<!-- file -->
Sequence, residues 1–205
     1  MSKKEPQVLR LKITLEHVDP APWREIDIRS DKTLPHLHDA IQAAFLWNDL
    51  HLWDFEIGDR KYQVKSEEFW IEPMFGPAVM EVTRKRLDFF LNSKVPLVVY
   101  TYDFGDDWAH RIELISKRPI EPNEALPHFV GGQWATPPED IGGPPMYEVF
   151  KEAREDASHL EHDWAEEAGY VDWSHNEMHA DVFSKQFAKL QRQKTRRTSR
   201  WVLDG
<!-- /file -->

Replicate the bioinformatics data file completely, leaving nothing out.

Sequence, residues 1–205
     1  MSKKEPQVLR LKITLEHVDP APWREIDIRS DKTLPHLHDA IQAAFLWNDL
    51  HLWDFEIGDR KYQVKSEEFW IEPMFGPAVM EVTRKRLDFF LNSKVPLVVY
   101  TYDFGDDWAH RIELISKRPI EPNEALPHFV GGQWATPPED IGGPPMYEVF
   151  KEAREDASHL EHDWAEEAGY VDWSHNEMHA DVFSKQFAKL QRQKTRRTSR
   201  WVLDG